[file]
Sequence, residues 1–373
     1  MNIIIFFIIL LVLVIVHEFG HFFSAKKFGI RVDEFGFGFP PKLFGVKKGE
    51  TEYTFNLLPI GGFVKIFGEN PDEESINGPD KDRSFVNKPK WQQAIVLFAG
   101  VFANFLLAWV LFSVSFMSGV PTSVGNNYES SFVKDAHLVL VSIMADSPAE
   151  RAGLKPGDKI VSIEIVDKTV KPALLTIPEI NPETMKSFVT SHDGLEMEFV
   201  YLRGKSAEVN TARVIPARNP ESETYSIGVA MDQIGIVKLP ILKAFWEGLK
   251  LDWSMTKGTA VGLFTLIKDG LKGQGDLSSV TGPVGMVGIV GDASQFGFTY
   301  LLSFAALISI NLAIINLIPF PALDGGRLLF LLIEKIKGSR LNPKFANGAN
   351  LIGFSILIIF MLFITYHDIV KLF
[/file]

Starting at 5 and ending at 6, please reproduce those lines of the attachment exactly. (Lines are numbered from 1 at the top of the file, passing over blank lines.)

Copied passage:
   151  RAGLKPGDKI VSIEIVDKTV KPALLTIPEI NPETMKSFVT SHDGLEMEFV
   201  YLRGKSAEVN TARVIPARNP ESETYSIGVA MDQIGIVKLP ILKAFWEGLK